Breeding Waders of English Upland Farmland 2016
The upland breeding populations of waders and farmland species have shown considerable declines in recent decades. The upland farmland known as ‘In-bye’, which is the enclosed land below the moorland, is known to support substantial numbers of these important species.
The survey has ended and data entry is now closed. View the map below to quickly see where the survey tetrads were located.
Why survey upland farmland waders?
The purpose of this survey was to estimate the population size of waders and other important bird species supported by ‘In-bye’ farmland. More crucially this will provide as baseline against which to measure population changes and the effect of agri-environment scheme management.
What was required?
This survey involved volunteers visiting up to 1,000 selected 2-km squares (tetrads) throughout England, located in upland areas. Each tetrad contained at least 80 hectares of ‘In-bye’ land.
The survey involved two morning visits between 1st April and 15th July 2016. During each visit all breeding waders and other upland farmland species will have been recorded within each ‘In-bye’ field, as well as habitat information for each ‘In-bye’ field covered (map provided).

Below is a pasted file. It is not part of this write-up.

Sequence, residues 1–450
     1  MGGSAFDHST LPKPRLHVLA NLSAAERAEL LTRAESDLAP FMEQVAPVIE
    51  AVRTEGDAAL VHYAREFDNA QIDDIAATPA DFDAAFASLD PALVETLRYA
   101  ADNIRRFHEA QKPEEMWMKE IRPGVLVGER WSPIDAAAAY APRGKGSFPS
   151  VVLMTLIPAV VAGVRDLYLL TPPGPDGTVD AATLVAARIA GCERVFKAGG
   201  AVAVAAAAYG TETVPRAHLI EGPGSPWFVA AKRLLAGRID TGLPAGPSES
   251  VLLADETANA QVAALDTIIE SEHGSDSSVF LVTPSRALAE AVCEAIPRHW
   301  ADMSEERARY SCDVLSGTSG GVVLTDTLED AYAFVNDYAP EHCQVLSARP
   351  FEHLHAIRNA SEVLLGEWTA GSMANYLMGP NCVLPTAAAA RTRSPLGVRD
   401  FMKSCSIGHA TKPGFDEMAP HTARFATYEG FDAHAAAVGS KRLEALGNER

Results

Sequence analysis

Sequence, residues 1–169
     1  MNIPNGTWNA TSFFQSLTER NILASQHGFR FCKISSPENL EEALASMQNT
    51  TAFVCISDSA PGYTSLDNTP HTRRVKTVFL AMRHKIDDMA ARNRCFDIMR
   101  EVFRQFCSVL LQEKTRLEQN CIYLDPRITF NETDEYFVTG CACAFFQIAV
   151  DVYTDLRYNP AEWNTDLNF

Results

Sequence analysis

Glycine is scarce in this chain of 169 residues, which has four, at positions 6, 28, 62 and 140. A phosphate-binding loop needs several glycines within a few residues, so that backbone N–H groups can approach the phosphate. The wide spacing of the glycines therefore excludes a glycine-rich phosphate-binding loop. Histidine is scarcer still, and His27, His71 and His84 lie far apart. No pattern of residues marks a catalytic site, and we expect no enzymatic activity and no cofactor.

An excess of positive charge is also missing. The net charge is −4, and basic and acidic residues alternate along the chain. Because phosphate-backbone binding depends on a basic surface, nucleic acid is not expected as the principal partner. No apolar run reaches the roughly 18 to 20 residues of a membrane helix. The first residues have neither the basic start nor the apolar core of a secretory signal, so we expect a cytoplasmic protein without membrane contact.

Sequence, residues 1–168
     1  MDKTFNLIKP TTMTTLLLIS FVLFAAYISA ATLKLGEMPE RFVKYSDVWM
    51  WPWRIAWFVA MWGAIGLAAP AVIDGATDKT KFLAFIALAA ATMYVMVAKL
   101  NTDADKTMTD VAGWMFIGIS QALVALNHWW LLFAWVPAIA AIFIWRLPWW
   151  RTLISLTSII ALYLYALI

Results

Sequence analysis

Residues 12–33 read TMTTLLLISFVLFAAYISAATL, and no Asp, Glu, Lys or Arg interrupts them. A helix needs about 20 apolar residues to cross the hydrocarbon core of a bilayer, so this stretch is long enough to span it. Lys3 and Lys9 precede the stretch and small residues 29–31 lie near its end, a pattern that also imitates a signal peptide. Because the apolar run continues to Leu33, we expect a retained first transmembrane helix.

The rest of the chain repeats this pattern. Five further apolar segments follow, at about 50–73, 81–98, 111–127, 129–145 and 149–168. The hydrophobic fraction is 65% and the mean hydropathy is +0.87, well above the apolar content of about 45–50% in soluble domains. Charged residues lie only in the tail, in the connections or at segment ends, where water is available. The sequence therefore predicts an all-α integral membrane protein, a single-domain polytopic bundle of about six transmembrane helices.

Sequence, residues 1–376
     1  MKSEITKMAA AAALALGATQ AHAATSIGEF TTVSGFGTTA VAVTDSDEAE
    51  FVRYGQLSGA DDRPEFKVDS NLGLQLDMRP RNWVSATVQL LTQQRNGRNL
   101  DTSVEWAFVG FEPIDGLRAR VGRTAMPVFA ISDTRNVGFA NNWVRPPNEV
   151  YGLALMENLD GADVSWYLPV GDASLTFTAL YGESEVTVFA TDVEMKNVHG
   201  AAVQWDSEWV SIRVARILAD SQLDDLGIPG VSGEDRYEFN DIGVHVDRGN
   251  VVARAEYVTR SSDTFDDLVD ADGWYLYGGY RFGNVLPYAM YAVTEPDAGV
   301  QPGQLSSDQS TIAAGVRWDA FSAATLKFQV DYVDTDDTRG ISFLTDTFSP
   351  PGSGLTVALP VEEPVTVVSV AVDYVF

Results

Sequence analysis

More detailed survey information, including instructions and recording forms are available on the resources page.
Contact greg.conway [at] bto.org if you wish to retrieve any data submitted to this survey.
Making agri-environment schemes effective
BTO research is helping to shape the modern farmed landscape by informing agri-environment schemes.
What effect might annual releases of non-native gamebirds be having on native biodiversity?
Henrietta Pringle reveals the work behind a recent paper on gamebirds and predation